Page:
Animation Street Art and Gif-itti
by Marie Zimmerman, Alexandra Holness, and Elyssa Jechow
When we think of street art, we think of artist working on a public canvas. In our era of digitization and modern technology, street art has reached remarkable diversity as new media have enabled the genre to travel to possibilities unforeseeable in earlier times. We are witnesses to a new generation of street art – animation street art and gif-ittis – born of our times. These forms document the production of street art, a tracking of the art’s visual evolution over a period of time. It focuses on the semantic change that lies within a work’s production, and the result is twofold: the lasting image on the public’s physical canvas is only the last in a series that emphasizes process as much as product, and a time-based piece of cinema shared over digital pathways and viewed on personal devices around the world.
A pioneer of this new technique is the Italian artist, Blu. His animation street art explores themes of transformation and metamorphosis, telling stories that bring the viewer along a journey through space and time. His work is not limited to the here and now, or to the traditional. The viewer of Blu’s film must deal with a paradox: the process of drawing which realistically takes hours, is compressed into just a few seconds with the use of time lapse. The sense of time and space dissolves. The only hint of time is the movement of the sun, which becomes part of the plot. Days pass by in seconds. One wall can be used several times in a work, and traces of the previous use are still visible. What is left of the first image? How important is the last picture? Contemplated separately, each is worth nothing. Instead, the holistic view of the film creates meaning by emphasizing the process.
The Japanese art collective, Rinpa Eshidan, follows a similar creative credo. The group of artists has produced eight videos which all play with the traditional perception of space and time. They describe their intention: “Instead of focusing on the finished project, we believe the process of creation itself is where art comes to life and our videos and live art aim to engage our audience in that process. Many people ask us how we can stand to erase the artwork we have worked so hard to create, but our focus is on the process of making art, not the end result.” (http://rinpaeshidan.jp/about/index.html, 10/31/11).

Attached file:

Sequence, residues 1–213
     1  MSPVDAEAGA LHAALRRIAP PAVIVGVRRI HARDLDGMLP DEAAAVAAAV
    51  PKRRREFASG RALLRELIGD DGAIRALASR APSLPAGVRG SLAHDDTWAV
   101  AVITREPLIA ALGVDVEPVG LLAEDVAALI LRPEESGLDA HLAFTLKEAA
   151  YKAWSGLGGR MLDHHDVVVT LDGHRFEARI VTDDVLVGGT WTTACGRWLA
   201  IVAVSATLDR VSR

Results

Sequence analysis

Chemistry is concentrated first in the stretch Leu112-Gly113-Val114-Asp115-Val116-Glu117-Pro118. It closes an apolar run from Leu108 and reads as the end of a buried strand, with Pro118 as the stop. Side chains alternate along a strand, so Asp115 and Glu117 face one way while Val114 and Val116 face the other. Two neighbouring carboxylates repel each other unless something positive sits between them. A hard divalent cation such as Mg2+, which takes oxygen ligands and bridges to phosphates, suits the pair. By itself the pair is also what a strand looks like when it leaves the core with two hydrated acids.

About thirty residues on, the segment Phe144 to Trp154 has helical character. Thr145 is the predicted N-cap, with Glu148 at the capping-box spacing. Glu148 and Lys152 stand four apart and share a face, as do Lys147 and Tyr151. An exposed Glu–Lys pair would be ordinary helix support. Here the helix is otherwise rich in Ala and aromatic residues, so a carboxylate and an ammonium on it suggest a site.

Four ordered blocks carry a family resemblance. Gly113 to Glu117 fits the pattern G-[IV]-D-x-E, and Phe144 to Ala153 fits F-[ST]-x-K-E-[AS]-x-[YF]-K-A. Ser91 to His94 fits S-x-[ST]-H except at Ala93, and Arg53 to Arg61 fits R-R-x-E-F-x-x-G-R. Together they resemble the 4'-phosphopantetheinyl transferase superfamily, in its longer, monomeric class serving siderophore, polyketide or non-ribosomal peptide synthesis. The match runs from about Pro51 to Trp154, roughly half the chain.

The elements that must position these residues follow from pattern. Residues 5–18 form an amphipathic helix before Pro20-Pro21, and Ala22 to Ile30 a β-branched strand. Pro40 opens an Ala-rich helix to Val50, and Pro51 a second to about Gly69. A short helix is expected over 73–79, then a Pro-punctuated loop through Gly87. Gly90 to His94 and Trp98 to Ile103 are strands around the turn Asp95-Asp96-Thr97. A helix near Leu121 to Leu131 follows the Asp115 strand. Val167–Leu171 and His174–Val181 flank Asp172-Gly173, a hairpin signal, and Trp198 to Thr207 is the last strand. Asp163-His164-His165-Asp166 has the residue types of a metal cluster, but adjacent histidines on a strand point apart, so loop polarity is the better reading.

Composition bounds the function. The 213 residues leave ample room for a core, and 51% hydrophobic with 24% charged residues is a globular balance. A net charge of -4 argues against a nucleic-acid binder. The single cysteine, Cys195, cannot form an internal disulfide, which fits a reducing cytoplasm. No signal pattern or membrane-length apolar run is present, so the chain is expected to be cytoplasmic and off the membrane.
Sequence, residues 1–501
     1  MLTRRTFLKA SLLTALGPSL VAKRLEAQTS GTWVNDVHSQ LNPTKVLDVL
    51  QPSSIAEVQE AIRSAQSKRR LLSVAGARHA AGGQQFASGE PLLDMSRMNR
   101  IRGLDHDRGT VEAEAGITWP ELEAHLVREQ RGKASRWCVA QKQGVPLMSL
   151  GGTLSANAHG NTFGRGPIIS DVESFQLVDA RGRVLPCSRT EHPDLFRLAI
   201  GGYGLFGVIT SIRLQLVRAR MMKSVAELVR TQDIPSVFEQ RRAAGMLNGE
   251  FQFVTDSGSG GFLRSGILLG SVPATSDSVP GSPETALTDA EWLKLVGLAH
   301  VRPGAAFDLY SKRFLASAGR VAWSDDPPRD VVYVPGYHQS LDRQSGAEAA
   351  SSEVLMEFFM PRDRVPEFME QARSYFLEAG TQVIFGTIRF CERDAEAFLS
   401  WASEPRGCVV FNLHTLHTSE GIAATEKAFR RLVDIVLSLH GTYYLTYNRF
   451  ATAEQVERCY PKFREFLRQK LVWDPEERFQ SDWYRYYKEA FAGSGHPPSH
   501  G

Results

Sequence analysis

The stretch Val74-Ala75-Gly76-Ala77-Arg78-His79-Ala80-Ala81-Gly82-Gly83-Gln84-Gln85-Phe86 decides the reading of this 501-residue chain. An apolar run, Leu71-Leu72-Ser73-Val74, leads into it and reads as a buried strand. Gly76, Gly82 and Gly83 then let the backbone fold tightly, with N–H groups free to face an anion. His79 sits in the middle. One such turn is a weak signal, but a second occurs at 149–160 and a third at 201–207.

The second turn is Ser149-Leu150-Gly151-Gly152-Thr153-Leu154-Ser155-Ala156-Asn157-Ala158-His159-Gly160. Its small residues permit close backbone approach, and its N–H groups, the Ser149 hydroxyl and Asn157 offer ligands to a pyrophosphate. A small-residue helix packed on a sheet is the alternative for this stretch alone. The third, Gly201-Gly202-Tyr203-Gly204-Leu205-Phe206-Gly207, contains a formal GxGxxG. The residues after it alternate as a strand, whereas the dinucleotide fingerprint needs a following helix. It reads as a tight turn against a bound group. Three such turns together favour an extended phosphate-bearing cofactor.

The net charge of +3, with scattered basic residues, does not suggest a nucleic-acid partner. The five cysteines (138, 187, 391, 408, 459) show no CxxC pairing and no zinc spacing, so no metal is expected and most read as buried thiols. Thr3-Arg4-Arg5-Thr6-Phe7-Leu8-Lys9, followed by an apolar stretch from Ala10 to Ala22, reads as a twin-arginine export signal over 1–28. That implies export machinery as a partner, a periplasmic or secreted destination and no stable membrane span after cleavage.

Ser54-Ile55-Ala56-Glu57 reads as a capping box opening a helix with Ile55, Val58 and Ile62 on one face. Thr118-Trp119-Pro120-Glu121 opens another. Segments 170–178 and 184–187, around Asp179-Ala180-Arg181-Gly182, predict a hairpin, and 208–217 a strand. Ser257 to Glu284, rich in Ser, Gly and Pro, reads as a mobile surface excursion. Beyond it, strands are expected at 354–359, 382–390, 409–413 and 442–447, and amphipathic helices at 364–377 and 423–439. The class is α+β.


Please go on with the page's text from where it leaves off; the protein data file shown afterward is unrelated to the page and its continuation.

Working as a collective enables Rinpa Eshidan to create a variety of pictures in a relatively short time. While Blu has a very clear style with a high recognition value, Rinpa Eshidan mixes different elements and seems to reinvent its style in every film. The group addresses stereotypes of Asian culture and of the street art genre itself in order to dispel them in the artwork.
The new generation of street art is interactive. The viewer is challenged to follow the process. The picture itself assumes shape slowly and the end result is nebulous. Artists like Blu and Rinpa Eshidan play with the viewers’ expectations. Because of new techniques, the borders of the genre street art are permanently expanded. We come to a place where some might feel the need to separate street art and video art, but definitions can never distinguish the uniqueness of the artist’s approach.
The artist Pahnl worked with stencils and long exposure photography to create a four-minute video about a dog having a walk in a dark city. Two hundred stencils were used to let the dog come to life. Its perspective puts the city in another light and makes the viewer feel like a stranger in his or her own land.
Another new trend of animated street art is the use of animated GIFs. Among the pioneers of this technique, the artist INSA examines commodity fetishism, using the hyperbole of the absurd and of caricature to critique social ills. He calls his technique Gif-itti, and each piece requires painstaking preparation and labor. For one particular work, INSA painted the whole wall four times to get the right images for the gif. The result, as in Unit 44’s White Walls project, is an impressive and mesmerizing experience.
Another experimenter with GIFs and guerilla art, Princess Hijab produces work that is disturbing and at times shocking. Inventing the term hijabism, she puts black veils on highly visible posters on the subway in Paris, criticizing political grievances, consumer culture, and attitudes towards women. She has translated this public art into GIFs, producing a digital-age protest with compelling aesthetic interest blogged around the world (http://www.todayandtomorrow.net/2009/09/30/princess-hijab/).
There is much activity to be reported on the contemporary street art front – revolutionary new techniques and ideas — and we can expect that there is much more to come. Ongoing developments in digitalization create new avenues for expression, which artists are just beginning to explore. The genre of street art is in transition and we must wait and watch to see just what will happen next.
For related articles from The Muse Dialogue:
Barnett Newman and the Slashed Paintings